We were so excited about John Woo's Red Cliff that we had to watch another Chinese costume epic while waiting for it to be available.
Legend of the Black Scorpion a.k.a. Night Banquet is essentially a Chinese Hamlet, with a touch of Macbeth. The prince (Daniel Wu) is planning to marry Little Wan (Ziyi Zhang from Crouching Tiger, Hidden Dragon), but his father the emperor marries her instead. The emperor's brother then kills him and marries Wan, thus setting up the Hamlet situation.
The prince hides out in a theater school, leading to the best scene. The usurping emperor's assassins attack the school, and find all masked mimes who gesture dramatically, and usually die unarmed. The balconies, stages and ramps of the school are made entirely of bamboo, making for a dramatic, multilevel, wire-fu fight of swordsman vs. mimes. Too bad it comes so early in the movie, because I don't think it gets that good again.
The movie is long, and frequently slow (lots of horses galloping in slo-mo). There are other good action sequences, but not that many and not as good. The movie gets by mainly on art direction and sexual perversity. A good example of both is a strange boulder in the Emperor's palace with a hollow in which the prince lies while his hair streams out under a fountain. His ex-fiancee and step-mother combs his hair out in the water in a scene both erotic and touching, and rather creepy.
An interesting movie, but I couldn't find it compelling.
Red Cliff was similar, but quite different in effect. It was set in around the same period (long ago), it is also filled with costumes, palaces and art direction, plus plenty of action: big armies, one-on-one or one-on-many swordfights, horseback, naval, etc. Actually that's one difference - there's a lot more action in Red Cliff.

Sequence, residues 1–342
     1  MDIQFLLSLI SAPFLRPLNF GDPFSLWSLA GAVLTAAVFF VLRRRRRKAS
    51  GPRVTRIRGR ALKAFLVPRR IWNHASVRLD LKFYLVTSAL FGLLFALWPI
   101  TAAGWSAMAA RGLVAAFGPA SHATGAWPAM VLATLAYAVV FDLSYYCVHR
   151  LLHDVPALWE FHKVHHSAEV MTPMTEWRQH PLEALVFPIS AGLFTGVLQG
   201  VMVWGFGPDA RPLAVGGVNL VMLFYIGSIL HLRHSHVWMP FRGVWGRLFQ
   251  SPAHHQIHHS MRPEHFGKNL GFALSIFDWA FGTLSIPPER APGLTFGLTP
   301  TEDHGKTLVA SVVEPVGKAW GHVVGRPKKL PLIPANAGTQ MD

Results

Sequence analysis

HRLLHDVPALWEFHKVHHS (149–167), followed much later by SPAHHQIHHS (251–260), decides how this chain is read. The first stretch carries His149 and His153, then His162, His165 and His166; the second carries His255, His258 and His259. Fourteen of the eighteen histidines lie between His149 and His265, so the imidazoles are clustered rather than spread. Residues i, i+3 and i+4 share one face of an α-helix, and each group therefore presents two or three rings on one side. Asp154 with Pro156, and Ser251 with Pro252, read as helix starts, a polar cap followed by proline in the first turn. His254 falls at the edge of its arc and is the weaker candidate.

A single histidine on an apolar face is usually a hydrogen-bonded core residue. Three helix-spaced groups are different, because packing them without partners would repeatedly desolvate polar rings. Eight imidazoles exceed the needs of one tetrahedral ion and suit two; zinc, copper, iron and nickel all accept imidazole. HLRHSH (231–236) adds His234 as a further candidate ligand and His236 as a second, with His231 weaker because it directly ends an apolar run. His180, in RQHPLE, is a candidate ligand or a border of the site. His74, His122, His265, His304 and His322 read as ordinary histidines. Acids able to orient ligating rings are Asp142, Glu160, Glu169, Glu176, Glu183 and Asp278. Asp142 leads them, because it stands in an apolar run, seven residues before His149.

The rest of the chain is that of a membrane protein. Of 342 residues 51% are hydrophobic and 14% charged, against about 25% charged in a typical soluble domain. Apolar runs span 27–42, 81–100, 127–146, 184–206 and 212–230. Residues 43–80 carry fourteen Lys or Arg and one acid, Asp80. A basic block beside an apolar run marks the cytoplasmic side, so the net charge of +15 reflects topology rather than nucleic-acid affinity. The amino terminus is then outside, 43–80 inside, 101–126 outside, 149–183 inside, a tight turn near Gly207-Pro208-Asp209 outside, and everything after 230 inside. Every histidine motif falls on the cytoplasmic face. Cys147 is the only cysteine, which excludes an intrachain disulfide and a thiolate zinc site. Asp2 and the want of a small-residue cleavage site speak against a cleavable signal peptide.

The plot involves an evil prime minister who convinces the weak emperor to let him conquer the Southlands. This leads two kings of the south to forge an alliance, lead by their generals and advisors. This is another difference - Red Cliff is an ensemble, with 2-4 generals and a few advisors on each team. Tony Leung Chiu Wai plays the the most loyal and valorous general of the south, while Takeshi Kaneshiro plays a wise strategist. I thought of him as an Odysseus, but Ms. Spenser saw him as the Legolas of the group, because he was smart, cute and used a bow.
Even at 2 hours plus, this movie flies along. It has a few John Woo touches, like the classic standoff of two guys with their guns to each others heads (except with swords). The action is solid, the actors and characters memorable, costumes and scenery are beautiful. The score has a little too much John Williams for my taste, but there's a lovely guqin duet (table harp). Like the guqin solo for the fight in the rain in Hero, it is one of my favorite parts of this movie.
Another thing I liked is that Red Cliff concentrates on strategy, with the Southland generals out-thinking their opponents. But I guess the main thing is, it is just a better movie than Black Scorpion. Less bizarre, but better made.
By the way, the legend of the black scorpion refers to the poison that evil uncle poured in the emperors ear. It was made of a mixture of crushed black scorpions and southern erysipelas. Erysipelas is not a poison!
In conclusion, the original, 2-film version of Red Cliff is now available. At least 5 hours long. We will be seeing it soon.